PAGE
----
20 years ago service providers in Liverpool started to experience with innovative approaches to drug problems. They distributed sterile needles for drug users to protect them from HIV, and provided heroin users with a substitute drug called methadone to prevent crime and overdoses. Later this approach was named harm reduction. 20 years later at the International Harm reduction conference, we asked the pioneers of Liverpool about the beginnings.
In the 1980s Liverpool gained a reputation as the centre of heroin use in England. It was estimated that 20.000 heroin users lived in the area. Public health professionals were concerned about the rapid spread of death and disease among these young people: HIV tranmissions through the sharing of injecting equipment, vein infections and lethal overdoses caused by the use of impure street drugs. They warned the authorities that the HIV epidemic is not only a threat to drug users but to the whole society. But the main concern of the majority of the local population was the rise in crime and nuisance on the streets. Many people realized that the zero-tolerance drug policy imported from the US is not only ineffective but harmful to the whole society – but only a few creative people dared to look at new solutions. They started to experiment with innovative, pragmatic programs such as substitution of street drugs with prescription drugs and the provision of sterile needles and syringes to prevent infections.
Harm reduction started as a grassroot movement: the first needle exchange centre was operated in a toilett. Although this time the term harm reduction was not known in the sense we use it today, harm reduction as a philosophy and practice had deep roots in the British public health system. Doctors and social workers only had to refer to the report of the Rolleston Committee, a group of professionals appointed by the Home Office in the 1920s. The committee declared in 1926 that drug addiction is a public health problem first and foremost, so they promoted a system where general practitioners can prescribe morphines for those who could not kick the habit. In a sense the harm reduction movement of the 80s and 90s was the continuation of a long struggle for a more humane and pragmatic drug policy. However, many people saw a threat in harm reduction and the pioneers had to fight several public battles before needle exchange and methadone maintenance became part of the mainstream treatment and care system.
The Liverpool (or Merseyside) model of harm reduction inspired service providers and user activists all over Europe to start their own projects – in the 1990s harm reduction became an international movement. The first International Harm Reduction Conference was held in Liverpool in 1990, where a few hundred activists and professionals gathered to share experiences and ideas about a new, pragmatic and human rights-based approach to the drug problem.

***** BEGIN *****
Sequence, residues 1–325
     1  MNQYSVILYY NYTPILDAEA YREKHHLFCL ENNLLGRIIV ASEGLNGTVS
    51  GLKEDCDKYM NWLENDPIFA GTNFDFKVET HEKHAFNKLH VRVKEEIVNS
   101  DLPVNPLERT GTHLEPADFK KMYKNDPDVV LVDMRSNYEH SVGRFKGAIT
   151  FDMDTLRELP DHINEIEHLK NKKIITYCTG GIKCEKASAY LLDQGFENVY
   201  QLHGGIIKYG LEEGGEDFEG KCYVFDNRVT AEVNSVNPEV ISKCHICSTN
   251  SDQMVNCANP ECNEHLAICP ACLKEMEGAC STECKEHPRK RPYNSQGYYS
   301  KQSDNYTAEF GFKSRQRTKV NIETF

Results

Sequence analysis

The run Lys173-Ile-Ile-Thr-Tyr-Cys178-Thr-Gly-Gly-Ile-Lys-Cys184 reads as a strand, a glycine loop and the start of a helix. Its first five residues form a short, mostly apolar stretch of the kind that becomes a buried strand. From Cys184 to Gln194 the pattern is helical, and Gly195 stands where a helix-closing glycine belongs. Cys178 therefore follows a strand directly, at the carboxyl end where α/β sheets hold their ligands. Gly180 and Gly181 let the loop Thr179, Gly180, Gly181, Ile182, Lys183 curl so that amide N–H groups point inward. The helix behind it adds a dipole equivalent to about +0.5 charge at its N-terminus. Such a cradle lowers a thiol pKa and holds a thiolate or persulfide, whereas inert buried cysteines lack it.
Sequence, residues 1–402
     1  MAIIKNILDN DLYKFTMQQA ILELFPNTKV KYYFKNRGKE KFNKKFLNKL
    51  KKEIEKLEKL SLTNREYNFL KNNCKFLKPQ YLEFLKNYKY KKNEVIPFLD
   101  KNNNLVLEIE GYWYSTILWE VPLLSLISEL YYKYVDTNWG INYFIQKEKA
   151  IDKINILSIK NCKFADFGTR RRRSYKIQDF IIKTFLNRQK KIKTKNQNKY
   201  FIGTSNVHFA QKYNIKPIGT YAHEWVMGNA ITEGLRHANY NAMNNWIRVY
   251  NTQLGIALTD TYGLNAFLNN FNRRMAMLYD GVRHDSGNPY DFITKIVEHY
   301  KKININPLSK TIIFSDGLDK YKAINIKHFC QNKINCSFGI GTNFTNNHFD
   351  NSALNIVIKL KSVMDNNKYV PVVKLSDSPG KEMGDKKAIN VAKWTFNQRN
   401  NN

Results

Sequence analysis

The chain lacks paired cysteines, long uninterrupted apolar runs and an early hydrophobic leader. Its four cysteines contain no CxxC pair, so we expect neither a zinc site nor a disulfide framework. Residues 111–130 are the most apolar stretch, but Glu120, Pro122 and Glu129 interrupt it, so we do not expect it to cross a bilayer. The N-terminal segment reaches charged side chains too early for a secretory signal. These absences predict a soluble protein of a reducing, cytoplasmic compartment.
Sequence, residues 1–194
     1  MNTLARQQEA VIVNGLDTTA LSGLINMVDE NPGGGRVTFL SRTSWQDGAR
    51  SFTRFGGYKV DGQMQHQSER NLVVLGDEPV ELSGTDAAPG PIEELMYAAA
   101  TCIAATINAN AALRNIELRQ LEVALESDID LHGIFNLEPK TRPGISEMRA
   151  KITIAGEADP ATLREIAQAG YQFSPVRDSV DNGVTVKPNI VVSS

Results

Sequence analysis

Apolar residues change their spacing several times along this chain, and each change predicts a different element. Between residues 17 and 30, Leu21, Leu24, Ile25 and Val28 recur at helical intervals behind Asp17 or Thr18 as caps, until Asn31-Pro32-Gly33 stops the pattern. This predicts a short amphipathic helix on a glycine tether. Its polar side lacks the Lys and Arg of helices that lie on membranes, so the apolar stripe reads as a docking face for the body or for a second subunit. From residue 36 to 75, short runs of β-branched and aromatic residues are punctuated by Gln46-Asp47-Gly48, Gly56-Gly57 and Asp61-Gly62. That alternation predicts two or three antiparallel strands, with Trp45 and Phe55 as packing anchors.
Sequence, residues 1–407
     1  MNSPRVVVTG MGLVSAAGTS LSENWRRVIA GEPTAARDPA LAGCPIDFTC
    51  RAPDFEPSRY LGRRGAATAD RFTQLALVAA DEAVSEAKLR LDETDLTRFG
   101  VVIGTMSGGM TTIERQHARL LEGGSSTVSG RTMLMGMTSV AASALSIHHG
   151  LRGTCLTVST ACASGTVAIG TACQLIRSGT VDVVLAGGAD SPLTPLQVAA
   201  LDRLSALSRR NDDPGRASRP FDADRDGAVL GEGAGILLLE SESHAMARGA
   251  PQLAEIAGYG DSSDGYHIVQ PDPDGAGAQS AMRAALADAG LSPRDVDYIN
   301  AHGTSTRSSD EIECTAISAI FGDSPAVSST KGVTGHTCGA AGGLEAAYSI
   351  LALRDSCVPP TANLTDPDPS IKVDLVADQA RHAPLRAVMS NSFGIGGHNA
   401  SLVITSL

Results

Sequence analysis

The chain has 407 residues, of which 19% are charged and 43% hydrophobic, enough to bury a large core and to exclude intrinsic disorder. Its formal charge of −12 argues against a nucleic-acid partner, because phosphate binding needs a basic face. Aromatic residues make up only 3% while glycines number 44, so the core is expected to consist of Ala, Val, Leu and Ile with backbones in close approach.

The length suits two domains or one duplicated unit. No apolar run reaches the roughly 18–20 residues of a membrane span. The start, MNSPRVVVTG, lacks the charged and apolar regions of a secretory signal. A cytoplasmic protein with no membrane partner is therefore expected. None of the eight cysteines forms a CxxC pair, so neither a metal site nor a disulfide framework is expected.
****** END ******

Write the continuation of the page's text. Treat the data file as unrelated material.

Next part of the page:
20 years later, in April 2010 the International Harm Reduction Association organized the 21st international harm reduction conference in Liverpool to honour the pioneers and to address the new challenges and barriers in a globalized world. IHRA’s “Global State of Harm Reduction 2010” report emphasizes that despite the significant political successes of harm reduction there is still a huge gap between the needs of people who use drugs and the coverage of existing services. It is estimated that almost 16 million injecting drug users live in the world but only a minority has access to life saving services like needle exchange or opiate substitution treatment. In some countries with a high prevalence of HIV among IDUs there is less than 1 needle distributed per person per year, in 76 countries where injecting drug use exists there is no access to needle exchange at all. While there are sixty-one OST recipients for every 100 people who inject drugs in Western-Europe there is less than one in Central-Asia – and OST is completely prohibited in Russia, with one of the largest IDU population. The mainstreaming and scaling up of harm reduction in a global level is impossible without the strong support of UN drug control bodies such as the Commission on Narcotic Drugs of the UN – that rejected the term harm reduction in March. And even more important is to make the general population understand: it is worth investing in harm reduction because it does not only protect drug users but the whole community.
Posted by Peter Sarosi